Last updateTue, 24 Feb 2015 5pm

In the first of a two-part analysis, Deborah Jeff questions whether the Privy Council decision in Scatliffe v Scatliffe has further developed the law on non-matrimonial assets

The judgment in Scatliffe v Scatliffe [2016] was concerned with an appeal against an order made by the Court of Appeal of the Eastern Caribbean Supreme Court (British Virgin Islands (BVI)). The Privy Council was concerned with whether there had been a ‘serious misunderstanding’ as to the nature of non-matrimonial property.

Priya Palanivel and Shantel Burbridge examine the Court of Appeal’s decision in Sharp v Sharp, and the potential impact on the approach to short marriages

The duration of marriage has always been one of the more controversial factors under s25, Matrimonial Causes Act 1973 (MCA 1973) when it comes to determining how assets should be divided on divorce. Many would agree that fairness dictates there should be a distinction between how assets are divided in short, medium and long-term marriages. As such, it is not surprising that the decision in Sharp v Sharp [2017] has been widely reported in the media. This article considers the approach that has historically been taken by the courts in relation to the division of assets in short marriages, and the outcome in Sharp.

Victoria Ellis and Cordelia Williams outline common problems that arise when representing grandparents in public law proceedings.

Grandparents are often important figures in their grandchildren’s lives. This article discusses the position of grandparents when local authority involvement forces them to take a much more central role.

John Oxley considers the valuation of assets, where the formation of such assets predated the marriage, and the different approaches taken by the courts

In high-value matrimonial cases, the court is frequently asked to consider the value of companies founded prior to the marriage, which then grew and developed throughout the course of the marriage.

Alice Couriel considers the long-running proceedings in three jurisdictions in Lachaux v Lachaux and the issues addressed by the court

The judgment in Lachaux v Lachaux [2017] addressed a number of interesting issues, including the status and recognition of a Dubai divorce and the jurisdictional basis for an application under the Children Act 1989 (ChA 1989).

Emma Doughty explores the practical challenges when dealing with the ongoing duty to provide full and frank disclosure in financial proceedings

The decision in Goddard-Watts v Goddard-Watts [2016] illustrates the courts’ approach to a rehearing where a previous final order was set aside for material non-disclosure. This article will consider the lessons that can be learned from Goddard-Watts, and suggest ways in which practitioners can seek to prevent applications to set aside a financial order.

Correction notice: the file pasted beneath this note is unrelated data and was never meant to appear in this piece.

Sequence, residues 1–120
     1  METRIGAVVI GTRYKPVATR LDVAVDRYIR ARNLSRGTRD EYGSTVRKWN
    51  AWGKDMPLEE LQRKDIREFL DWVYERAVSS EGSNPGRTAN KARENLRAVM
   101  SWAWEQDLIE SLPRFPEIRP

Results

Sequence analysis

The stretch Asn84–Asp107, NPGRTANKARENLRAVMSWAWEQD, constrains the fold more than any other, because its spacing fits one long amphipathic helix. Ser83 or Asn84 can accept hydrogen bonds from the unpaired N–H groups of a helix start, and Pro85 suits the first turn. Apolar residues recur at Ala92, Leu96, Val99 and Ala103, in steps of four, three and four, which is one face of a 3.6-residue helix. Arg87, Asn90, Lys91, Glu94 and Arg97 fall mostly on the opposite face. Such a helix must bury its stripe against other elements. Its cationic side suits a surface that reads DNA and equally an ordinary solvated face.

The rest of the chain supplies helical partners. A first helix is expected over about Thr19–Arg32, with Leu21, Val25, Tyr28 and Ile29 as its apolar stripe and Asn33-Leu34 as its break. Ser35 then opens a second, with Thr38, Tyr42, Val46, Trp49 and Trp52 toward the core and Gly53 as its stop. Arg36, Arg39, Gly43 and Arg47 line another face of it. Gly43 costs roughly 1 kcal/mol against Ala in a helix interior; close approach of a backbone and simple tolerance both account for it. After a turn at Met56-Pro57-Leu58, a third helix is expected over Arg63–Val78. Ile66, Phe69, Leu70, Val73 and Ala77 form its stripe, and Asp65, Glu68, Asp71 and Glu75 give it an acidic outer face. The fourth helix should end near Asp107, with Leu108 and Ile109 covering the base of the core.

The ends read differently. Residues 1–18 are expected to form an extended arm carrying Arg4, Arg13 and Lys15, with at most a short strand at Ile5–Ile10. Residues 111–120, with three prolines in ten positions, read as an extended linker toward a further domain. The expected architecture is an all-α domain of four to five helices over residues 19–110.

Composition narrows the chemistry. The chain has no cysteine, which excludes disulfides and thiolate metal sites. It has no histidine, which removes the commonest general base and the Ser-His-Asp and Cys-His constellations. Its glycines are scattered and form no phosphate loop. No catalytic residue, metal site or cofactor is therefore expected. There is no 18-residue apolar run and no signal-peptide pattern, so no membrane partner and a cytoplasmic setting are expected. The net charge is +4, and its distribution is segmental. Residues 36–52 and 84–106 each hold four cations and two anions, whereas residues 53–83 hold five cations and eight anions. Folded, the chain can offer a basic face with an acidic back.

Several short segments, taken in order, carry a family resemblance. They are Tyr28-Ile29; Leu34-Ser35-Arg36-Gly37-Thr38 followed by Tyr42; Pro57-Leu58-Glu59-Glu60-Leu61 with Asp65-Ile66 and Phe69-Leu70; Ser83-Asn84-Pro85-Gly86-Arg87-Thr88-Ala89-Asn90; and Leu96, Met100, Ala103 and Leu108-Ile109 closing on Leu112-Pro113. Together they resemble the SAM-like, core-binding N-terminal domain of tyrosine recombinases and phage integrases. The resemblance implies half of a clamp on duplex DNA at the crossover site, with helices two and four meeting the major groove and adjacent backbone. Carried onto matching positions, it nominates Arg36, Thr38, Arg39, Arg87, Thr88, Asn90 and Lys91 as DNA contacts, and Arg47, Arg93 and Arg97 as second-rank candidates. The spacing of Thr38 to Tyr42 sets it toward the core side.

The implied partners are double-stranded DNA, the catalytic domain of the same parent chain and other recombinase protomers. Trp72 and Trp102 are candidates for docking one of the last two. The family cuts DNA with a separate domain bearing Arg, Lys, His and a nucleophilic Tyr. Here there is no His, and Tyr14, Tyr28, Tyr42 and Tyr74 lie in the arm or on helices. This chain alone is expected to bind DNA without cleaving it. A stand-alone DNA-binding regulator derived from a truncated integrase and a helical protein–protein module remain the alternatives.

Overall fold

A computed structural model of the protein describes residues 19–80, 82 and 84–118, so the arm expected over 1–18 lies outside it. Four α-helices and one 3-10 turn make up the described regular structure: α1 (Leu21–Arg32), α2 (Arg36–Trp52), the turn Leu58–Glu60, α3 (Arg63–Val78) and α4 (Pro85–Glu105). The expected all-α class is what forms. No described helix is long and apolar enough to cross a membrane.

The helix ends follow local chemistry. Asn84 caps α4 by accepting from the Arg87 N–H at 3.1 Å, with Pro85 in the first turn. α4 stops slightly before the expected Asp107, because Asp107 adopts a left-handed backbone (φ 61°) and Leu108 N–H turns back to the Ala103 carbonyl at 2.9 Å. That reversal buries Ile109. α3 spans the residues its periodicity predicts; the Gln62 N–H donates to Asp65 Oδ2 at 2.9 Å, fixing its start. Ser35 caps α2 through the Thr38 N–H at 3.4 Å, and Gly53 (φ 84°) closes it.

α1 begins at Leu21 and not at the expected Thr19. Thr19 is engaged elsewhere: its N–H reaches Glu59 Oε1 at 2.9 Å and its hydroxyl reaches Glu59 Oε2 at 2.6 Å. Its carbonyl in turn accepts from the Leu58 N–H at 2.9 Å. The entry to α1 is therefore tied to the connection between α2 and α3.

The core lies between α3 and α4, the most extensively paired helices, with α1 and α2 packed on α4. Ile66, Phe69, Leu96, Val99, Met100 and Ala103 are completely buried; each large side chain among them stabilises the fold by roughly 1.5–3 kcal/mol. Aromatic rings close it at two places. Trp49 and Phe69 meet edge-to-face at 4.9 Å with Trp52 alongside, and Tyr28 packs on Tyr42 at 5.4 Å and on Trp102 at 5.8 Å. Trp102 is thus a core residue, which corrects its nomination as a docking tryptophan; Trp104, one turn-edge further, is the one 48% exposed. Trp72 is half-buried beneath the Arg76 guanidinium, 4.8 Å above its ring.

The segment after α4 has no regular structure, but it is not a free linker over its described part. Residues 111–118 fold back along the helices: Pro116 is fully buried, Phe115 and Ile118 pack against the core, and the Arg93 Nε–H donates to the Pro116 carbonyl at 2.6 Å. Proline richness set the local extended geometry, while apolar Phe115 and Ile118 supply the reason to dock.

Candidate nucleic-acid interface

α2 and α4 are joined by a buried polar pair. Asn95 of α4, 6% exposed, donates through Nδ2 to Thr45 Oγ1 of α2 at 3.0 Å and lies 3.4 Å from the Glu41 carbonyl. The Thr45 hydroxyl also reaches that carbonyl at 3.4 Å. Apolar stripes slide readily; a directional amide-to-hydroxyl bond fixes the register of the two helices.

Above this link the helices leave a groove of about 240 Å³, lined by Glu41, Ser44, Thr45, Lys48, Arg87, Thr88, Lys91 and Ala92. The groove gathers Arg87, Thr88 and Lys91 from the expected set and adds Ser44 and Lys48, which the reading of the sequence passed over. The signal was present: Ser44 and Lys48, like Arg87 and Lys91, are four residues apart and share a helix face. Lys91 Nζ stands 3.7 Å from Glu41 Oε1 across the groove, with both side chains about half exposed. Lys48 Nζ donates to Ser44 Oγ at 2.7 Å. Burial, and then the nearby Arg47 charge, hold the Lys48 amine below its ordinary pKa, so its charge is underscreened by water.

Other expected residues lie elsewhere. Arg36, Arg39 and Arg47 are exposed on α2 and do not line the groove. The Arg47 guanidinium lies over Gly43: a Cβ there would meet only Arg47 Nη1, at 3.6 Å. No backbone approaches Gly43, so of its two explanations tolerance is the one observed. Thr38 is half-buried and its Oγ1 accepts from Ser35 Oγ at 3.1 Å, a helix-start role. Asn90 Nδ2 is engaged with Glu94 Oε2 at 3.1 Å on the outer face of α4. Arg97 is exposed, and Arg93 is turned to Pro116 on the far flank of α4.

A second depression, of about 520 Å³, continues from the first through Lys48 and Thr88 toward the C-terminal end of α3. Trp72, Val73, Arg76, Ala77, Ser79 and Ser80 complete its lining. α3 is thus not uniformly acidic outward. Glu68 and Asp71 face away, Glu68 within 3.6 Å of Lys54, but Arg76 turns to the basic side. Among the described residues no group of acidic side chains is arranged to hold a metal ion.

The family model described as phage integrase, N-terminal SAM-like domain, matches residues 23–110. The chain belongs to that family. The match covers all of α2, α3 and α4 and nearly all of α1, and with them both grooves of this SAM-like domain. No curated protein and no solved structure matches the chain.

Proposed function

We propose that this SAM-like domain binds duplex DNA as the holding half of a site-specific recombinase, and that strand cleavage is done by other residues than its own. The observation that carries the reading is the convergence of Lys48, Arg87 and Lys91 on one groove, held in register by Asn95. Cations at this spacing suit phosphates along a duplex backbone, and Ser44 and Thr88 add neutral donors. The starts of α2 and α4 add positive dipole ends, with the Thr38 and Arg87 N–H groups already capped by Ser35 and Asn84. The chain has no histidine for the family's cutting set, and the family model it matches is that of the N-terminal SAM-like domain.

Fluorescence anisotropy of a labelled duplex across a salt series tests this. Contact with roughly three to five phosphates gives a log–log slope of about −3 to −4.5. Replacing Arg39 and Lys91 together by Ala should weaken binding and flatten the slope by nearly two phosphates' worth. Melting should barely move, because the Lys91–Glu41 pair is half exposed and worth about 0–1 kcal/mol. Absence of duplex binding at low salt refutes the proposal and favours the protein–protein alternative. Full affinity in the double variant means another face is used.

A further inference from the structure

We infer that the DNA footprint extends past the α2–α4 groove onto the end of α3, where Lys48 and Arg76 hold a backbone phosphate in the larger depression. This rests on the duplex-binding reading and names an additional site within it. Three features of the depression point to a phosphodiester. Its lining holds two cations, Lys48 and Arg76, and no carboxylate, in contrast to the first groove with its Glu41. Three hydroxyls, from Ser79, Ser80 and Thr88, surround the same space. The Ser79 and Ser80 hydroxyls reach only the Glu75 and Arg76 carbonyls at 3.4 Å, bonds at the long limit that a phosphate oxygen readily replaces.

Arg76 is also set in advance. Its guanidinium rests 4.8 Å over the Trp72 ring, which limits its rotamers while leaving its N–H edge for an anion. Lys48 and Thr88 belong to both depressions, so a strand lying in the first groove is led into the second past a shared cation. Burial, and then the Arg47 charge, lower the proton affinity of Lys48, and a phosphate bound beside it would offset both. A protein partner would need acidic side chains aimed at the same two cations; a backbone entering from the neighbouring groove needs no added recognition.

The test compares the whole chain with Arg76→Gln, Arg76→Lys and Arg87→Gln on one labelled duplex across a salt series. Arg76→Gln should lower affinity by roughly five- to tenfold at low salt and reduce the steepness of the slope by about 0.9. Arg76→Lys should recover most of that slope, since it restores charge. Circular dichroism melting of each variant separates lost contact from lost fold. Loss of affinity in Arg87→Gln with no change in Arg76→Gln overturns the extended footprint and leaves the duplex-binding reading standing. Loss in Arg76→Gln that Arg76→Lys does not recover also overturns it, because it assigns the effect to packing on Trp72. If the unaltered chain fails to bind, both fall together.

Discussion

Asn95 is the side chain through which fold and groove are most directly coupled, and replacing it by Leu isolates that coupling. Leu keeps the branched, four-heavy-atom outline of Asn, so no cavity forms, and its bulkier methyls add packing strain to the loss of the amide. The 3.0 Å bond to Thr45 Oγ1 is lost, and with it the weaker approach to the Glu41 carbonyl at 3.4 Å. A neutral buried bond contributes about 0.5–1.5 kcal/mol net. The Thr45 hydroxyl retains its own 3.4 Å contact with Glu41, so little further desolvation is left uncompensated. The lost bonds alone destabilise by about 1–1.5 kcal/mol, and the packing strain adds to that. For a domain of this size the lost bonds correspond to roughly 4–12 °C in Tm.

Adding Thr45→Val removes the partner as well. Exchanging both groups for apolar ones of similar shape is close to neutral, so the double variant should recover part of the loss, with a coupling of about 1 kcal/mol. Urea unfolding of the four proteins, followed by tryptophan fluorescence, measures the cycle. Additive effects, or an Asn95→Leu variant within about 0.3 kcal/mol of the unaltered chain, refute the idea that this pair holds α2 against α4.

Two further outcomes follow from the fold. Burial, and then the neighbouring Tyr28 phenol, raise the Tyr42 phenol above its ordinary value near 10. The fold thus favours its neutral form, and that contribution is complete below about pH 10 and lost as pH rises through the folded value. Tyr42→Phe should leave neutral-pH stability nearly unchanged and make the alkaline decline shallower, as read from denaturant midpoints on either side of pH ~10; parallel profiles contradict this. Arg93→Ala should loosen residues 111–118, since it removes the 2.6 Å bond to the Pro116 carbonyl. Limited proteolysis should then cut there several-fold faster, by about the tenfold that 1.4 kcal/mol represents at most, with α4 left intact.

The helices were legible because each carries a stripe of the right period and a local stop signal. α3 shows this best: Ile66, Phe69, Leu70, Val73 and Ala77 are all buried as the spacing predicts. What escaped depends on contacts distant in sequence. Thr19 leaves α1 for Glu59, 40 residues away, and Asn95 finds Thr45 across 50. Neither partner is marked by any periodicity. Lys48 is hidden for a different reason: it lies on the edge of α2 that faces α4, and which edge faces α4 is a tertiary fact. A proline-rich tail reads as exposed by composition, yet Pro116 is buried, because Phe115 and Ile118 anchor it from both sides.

In the first of a two-part analysis, Seamus Burns examines the potential for exploitation, together with ethical issues, in relation to egg sharing within IVF treatment

A recent press investigation (Daily Mail, May 2017) alleged that several licensed fertility clinics were exploiting women desperate to have their own children by in vitro fertilisation (IVF) by asking them to donate some of their eggs in exchange for free, or reduced price, treatment, or even for cash, and further that some fertility clinics were allegedly giving women ‘false hope by exaggerating their success rates with frozen eggs’. This flags up the reality that 60% of infertility treatments are privately funded, that clinics that charge patients directly for fertility treatments are businesses, and the necessity of both rigorous control and regulation of the infertility business. This situation should also serve to concentrate the minds of government, the NHS and clinical commissioning groups (CCGs) to address the controversial and iniquitous shortcomings of the current NHS IVF postcode lottery that effectively drives a lot of patients into the private sector, or to seek IVF in another (less regulated and safe) country, or indeed, for many, to the personally devastating option of remaining childless.

Moji Sobowale looks at the approach to short marriage cases, in particular as to needs in the context of standard of living

Although marriage is a contract, it is not a purely financial contract with remedies that can be easily quantified when breached. The family courts have a wide discretion when considering the division of assets upon marital breakdown, to be exercised by the careful application of the legislated factors embodied at s25, Matrimonial Causes Act 1973 (MCA 1973). As set out in White v White [2000], the court’s objective must be to achieve a fair outcome, but the question is what is deemed ‘fair’?